REVIEW. Fall 2012 Vol. 37. No. 4.

“More Than a Legal Issue”, Christianity Today, July/August, 2012.

“The Party Line: No Such Thing as an Ex-gay” by Eric Metaxas, Breakpoint.org, June 6, 2012.
(PDF version available here)

Over the years my correspondence from CT editors has ranged from bizarre, intrusively personal, even prurient, through gracious and fully supportive. Here, editors who enjoy the right to be married assume that, had they, as kids, discovered their orientation to be homosexual they’d have lived the lifelong celibacy they’re demanding of homosexuals. “We believe gays and lesbians should not be denied fundamental rights granted to every other American.”  But their effort to deny marriage for same-sex couples does deny a fundamental right granted to themselves and all heterosexual Americans.  Unwillingness to “weep with those who weep” alone and rejoice with those who rejoice” in a cherished same-sex partner, is pathetic.  For CT to say something’s wrong by “divine laws” is CT’s right; to try to legislate from a religious opinion onto all other Americans would be like Muslims trying to impose Sharia on all Americans.  And we are dealing with “more than a legal issue”; we’re dealing with the Golden Rule! 

CT’s Web-only version has Michael Horton insisting he’s not “simplistic” in claiming that the Bible is “straightforward and unambiguous” on gays.  Yet, many who agree with his disapproval admit that the biblical data aren’t that simple.  And other evangelical scholars argue that our same-sex issues cannot be projected into ancient texts.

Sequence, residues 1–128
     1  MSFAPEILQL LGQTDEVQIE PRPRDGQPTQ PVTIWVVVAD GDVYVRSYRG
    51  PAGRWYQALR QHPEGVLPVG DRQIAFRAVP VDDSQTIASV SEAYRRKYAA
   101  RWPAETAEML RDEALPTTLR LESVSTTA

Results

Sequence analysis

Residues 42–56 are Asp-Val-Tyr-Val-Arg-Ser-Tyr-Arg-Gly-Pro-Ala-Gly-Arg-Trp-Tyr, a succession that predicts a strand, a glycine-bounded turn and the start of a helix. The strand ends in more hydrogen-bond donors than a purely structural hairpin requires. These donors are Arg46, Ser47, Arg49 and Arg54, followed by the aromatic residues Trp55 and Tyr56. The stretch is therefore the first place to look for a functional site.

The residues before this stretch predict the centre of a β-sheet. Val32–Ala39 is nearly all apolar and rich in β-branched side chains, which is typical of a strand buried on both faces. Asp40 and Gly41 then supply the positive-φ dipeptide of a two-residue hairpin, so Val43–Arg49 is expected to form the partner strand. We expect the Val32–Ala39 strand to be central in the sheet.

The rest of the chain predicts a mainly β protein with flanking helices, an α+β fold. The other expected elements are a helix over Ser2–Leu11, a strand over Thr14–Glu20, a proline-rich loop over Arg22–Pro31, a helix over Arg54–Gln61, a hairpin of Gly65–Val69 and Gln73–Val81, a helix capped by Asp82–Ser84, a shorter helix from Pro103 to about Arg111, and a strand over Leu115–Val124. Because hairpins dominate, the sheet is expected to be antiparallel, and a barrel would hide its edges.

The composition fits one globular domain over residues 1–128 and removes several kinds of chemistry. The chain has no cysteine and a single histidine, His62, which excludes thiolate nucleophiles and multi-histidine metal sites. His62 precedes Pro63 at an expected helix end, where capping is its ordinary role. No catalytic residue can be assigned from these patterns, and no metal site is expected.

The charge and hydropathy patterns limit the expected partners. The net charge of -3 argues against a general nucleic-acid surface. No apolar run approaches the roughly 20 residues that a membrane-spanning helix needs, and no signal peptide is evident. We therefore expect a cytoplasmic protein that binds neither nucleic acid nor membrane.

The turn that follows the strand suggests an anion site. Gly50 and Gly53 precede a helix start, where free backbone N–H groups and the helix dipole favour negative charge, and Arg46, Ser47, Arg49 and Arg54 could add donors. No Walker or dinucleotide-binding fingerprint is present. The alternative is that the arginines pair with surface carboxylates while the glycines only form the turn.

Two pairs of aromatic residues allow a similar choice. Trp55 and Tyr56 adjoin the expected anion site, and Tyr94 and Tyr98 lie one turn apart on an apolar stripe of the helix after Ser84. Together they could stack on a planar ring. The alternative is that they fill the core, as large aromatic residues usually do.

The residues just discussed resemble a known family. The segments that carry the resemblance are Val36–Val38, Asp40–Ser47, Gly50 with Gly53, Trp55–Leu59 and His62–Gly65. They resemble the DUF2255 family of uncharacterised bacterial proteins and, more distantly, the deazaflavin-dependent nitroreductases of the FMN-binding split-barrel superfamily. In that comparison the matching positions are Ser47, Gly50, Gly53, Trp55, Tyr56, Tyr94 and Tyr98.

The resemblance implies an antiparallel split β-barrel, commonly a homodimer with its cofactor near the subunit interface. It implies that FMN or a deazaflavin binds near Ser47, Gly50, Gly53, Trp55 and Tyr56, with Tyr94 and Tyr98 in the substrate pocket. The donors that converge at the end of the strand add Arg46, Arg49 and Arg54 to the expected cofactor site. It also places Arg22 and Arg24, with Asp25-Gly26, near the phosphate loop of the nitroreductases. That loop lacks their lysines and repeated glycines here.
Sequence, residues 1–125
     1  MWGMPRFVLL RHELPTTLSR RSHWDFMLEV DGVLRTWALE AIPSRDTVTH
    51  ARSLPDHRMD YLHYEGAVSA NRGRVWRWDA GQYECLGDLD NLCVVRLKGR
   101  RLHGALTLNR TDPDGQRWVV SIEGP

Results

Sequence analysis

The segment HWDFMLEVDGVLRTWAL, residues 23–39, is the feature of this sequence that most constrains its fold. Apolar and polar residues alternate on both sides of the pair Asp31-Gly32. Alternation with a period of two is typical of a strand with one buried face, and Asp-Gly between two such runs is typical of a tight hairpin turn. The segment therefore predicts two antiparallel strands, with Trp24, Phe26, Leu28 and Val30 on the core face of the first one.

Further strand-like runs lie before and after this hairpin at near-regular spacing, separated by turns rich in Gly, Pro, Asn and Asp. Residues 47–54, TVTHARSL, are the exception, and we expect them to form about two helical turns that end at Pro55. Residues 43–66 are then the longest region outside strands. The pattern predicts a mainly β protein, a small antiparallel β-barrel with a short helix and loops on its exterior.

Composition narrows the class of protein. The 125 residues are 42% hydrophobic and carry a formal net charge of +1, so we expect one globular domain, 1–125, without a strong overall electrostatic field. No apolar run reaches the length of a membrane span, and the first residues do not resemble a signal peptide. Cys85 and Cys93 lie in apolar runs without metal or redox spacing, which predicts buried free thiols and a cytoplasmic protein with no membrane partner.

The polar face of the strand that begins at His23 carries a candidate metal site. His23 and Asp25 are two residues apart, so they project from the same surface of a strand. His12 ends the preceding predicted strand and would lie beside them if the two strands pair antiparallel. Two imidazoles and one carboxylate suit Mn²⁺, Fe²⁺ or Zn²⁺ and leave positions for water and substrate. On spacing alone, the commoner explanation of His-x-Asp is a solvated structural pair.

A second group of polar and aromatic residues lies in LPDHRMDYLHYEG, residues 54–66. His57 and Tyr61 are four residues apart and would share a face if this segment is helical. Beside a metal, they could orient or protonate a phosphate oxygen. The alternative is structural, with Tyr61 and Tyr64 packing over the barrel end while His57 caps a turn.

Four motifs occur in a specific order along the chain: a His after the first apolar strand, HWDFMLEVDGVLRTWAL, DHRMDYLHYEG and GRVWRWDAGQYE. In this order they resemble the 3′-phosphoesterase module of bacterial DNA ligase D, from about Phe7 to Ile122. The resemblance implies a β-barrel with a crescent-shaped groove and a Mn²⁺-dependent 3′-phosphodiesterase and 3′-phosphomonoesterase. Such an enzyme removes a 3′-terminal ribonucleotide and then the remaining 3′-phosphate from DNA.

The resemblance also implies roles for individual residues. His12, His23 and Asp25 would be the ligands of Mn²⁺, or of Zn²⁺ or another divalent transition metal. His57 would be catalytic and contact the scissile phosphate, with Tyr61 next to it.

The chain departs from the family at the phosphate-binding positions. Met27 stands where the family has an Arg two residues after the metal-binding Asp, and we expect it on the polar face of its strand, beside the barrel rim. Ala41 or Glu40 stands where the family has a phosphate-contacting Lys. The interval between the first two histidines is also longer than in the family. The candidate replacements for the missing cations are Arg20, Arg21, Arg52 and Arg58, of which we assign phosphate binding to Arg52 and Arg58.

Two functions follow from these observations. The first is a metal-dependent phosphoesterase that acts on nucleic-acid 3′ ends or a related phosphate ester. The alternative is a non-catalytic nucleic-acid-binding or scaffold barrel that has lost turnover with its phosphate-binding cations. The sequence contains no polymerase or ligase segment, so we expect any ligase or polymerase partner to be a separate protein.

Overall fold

Say the editors: “The future of marriage [isn’t dependent on] how we as a nation decide the gay marriage debate” while no-fault divorce “has destabilized marriage like no other”.  Even CT has softened a hard line against divorce.  Heterosexual marriages are in decline, cohabitation is on the rise, impoverished baby mamas are left to rear kids alone after being abandoned by impregnators, and through all these crises, evangelicals are best known as antigay activists crusading against marriage for same-sex couples.

Miscasting “traditional marriage”, CT grants: “Far more than the protection of the legal definition of marriage, our society needs a fresh understanding of marriage.”  But, CT’s “fresh” is selfish.  Christians are urged “to shore up marriage in our churches.”  But, how about some historical perspective?  “Traditional marriage” advocates overlook what’s actually been traditional.  What about marriage traditions in Bible days, e.g., “open” marriage with multiple wives and concubines, all of whom were the husband’s property, or, in Deuteronomy, forced marriage of a POW, sexy spoil of war, or forcing a raped virgin to marry her rapist, or levirate marriage, mandating a widow’s marrying her dead husband’s brother?  And, don’t forget death for adultery.  What of “traditional marriage” in Jesus’ day – arranged for 12 and 13-year-olds?  Evangelical scholar Ben Witherington III states: “At their essence they were property transactions meant to secure the future of one family through an alliance with another … arranged by the two male heads of the families.”  He adds: “There was no dating or romance or courtship in the modern sense.”  What of tradition’s forbidding marriage for slaves and the tradition against mixed-race marriage on into America’s mid-20th century?  Among the last to support interracial marriage were evangelicals.  What about intra-evangelical debate over complementarian and egalitarian marriages?  What fantasy do traditionalists have in mind?  The 1950s?  Whose 1950s?